having to get THEM to believe along with you...), you'll never use the
new tools, or believe in them.
The part that bugs me, is that I BELIEVE that if more people at HP saw
the same facts in a [oh-oh, bad terminology....] more nonlinear way
[ironic, since the lines would be straighter], we'd do better as a
company.
But, as I said before, and will say again, it's my soapbox topic and
my windmill to tilt at. I appreciate your reply, and thanks for the
conversation.
+af
ps.
What if that engineer were troubled by the fact that the "sinusoidal"
curves didn't QUITE look sinusoidal, but had some strange-looking
peaks near the tops and bottoms. Would they say "well, it's close to
a sinusoidal waveform" and let it go at that? Perhaps if they plotted
the data on some nonlinear paper, they'd discover that y=log(sin x)
produced an exactly sinusoidal waveform, and some new discovery would
come out of it? Nah, never happen.
pps.
Volumetric flow of water through river channels is extreme-value
distributed. With the right kind of paper, you can easily see if your
house is above the 20-year, 50-year, 100-year or 500-year flood level.
Nothing else is as accurate.
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(And James' reply to that:)
It seems somehow that we have shifted gears. You did bring up many
valid points that I agree with and it seems that your reply was in
complete concurrence with the allusion of my reply which was 'the
right tool for the job'.
As I said, there are certain instances where presentation of nonlinear
data in nonlinear formats are appropriate and solid state electronics
is a wonderful example! Indeed, I can think of many examples that are
even more convoluted. For instance, the human average hearing response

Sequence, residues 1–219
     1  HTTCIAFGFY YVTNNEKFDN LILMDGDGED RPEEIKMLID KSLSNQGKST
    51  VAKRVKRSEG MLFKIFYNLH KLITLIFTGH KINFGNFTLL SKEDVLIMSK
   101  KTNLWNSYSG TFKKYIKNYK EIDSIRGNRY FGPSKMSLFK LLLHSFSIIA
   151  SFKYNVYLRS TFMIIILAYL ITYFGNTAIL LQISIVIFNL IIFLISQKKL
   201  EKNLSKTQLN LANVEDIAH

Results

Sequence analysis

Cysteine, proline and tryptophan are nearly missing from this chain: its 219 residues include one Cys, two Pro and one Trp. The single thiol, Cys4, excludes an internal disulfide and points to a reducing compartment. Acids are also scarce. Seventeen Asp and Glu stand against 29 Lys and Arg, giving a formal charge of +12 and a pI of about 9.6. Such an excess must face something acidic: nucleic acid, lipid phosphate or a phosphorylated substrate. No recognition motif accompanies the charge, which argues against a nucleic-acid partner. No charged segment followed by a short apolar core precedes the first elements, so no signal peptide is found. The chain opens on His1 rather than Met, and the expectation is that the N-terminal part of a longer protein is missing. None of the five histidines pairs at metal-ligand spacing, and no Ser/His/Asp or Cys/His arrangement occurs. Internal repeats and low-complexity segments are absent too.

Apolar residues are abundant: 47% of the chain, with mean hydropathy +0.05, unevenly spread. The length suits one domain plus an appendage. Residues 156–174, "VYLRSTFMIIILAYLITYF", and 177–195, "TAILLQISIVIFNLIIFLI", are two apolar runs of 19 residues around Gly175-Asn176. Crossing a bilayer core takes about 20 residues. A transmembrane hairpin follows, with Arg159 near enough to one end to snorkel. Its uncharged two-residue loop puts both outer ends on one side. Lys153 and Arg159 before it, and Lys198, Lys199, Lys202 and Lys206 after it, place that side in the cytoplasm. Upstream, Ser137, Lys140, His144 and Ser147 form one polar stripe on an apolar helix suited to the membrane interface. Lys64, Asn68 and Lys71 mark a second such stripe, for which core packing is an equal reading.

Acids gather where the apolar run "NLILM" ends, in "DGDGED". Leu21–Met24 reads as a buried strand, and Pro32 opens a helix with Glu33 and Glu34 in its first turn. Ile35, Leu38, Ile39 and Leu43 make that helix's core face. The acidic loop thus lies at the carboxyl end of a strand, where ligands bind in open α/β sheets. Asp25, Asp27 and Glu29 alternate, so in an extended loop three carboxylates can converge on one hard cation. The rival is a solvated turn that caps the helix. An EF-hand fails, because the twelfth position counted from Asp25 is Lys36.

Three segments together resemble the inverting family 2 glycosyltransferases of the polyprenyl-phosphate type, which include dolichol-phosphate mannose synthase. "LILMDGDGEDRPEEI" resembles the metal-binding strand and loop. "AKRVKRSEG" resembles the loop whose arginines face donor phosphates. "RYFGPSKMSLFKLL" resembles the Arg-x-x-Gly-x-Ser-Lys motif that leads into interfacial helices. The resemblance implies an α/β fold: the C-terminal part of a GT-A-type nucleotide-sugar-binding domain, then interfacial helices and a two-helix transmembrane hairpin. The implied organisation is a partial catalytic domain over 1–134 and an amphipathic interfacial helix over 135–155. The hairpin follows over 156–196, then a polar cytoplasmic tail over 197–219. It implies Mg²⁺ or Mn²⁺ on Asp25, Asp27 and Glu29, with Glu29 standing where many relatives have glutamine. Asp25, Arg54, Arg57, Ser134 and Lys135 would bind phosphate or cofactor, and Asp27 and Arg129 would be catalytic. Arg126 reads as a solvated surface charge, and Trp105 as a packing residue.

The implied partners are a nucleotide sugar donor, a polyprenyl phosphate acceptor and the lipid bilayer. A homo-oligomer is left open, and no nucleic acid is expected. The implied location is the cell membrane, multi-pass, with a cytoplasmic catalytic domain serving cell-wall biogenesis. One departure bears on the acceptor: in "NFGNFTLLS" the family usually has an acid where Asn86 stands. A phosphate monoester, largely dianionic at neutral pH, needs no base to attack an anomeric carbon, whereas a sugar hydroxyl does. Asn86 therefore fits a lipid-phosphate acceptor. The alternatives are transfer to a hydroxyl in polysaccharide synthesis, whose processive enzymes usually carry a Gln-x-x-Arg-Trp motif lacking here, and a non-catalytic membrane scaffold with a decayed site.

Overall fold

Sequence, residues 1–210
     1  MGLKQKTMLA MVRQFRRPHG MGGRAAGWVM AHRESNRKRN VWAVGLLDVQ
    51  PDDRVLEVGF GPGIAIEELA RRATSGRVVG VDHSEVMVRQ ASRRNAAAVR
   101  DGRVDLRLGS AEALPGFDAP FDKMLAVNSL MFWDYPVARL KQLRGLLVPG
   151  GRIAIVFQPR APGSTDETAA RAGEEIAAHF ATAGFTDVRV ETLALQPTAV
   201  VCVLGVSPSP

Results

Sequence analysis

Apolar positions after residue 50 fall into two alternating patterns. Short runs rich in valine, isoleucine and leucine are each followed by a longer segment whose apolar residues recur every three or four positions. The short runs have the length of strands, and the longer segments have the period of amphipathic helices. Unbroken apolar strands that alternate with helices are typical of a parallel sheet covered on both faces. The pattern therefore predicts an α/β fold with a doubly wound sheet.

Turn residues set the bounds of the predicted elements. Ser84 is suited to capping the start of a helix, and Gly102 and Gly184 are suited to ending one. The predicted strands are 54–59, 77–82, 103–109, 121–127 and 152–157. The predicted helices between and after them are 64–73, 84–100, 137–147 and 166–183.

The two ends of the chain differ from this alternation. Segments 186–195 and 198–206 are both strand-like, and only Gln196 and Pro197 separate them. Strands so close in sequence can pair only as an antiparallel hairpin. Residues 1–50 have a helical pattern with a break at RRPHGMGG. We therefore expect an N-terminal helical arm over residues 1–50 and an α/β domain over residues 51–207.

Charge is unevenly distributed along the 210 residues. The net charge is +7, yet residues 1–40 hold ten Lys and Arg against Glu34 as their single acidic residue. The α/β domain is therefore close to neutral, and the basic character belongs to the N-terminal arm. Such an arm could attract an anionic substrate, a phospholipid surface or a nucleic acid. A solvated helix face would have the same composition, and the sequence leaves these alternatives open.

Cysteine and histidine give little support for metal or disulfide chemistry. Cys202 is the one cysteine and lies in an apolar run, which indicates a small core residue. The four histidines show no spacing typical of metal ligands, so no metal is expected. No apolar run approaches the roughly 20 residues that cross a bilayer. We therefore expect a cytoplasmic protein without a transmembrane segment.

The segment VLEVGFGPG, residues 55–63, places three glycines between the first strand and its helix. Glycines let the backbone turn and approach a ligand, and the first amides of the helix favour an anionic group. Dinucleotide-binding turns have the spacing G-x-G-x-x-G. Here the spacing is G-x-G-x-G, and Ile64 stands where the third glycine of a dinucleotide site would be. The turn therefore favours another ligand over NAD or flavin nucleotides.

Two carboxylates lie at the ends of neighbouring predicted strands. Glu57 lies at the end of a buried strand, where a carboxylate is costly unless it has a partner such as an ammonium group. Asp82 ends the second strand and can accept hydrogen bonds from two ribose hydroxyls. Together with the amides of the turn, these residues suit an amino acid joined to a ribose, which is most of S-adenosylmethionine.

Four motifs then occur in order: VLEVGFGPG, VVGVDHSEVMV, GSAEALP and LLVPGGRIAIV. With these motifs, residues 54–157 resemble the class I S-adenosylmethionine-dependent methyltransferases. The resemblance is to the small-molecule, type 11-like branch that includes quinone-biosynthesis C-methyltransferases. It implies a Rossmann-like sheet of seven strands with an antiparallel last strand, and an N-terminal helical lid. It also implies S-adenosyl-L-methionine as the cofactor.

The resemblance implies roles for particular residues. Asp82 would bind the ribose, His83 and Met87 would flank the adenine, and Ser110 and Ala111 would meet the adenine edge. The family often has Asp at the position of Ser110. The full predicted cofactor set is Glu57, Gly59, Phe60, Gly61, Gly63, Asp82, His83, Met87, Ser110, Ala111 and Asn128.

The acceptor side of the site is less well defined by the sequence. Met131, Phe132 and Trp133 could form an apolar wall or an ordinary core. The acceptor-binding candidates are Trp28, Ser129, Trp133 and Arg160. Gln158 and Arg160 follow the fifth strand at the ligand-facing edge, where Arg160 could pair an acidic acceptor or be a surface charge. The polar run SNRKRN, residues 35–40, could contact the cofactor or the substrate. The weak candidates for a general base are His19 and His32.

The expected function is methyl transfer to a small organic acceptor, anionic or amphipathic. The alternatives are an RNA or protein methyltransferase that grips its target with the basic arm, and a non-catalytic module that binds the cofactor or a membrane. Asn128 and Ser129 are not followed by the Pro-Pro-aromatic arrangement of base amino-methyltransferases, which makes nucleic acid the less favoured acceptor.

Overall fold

Decibels Sound Pressure Level (dBspl) reference level is referred to
as 0 dBhl (0 decibel hearing level) and on an +x Cartesian plot (dBhl
on the y axis and frequency on the x axis) statistically perfect
hearing is presented as a straight line along the x axis. In
actuality, there is approximately 7 dBspl difference between 0 dBhl at
250Hz and 0 dBhl at 1KHz. So they are using a linear plot to display a
frequency dependent power function. This presentation, which gives a
straight line reference, is an example of the right tool for the job.
Would an engineer comparing two sinusoidal wave forms be interested in
plotting out the one with the spurious emissions on a nonlinear graph?
Probably not. A more likely case would be to perform a spectral
analysis, typically a linear representation of power versus frequency,
but many times (as in solid state electronics) a linear representation
of a logarithmic function (power) versus a logarithmic representation
of a linear function (frequency)! The right tool for the job.
A bell curve can be shown as a straight line, but isn't kind of hard
to demonstrate irregular distribution using a straight line? The right
tool for the job.
My initial reply had nothing whatsoever to do with whether or not a
logarithmic plot of growth versus time is the right tool for the job,
but rather the implication that the human mind was incapable of
comparing and extrapolating data in a linear representation of a
logarithmic function, to which you seem to have conceded to the
affirmative.
Straight lines never exist in this world however, except in
theoretical models. A torque and horsepower curve, whether presented
in a logarithmic or a linear plot, will still not be a straight line.
Which brings me, in closing, to one of my favorite sayings
"forever forward, never straight"
JHC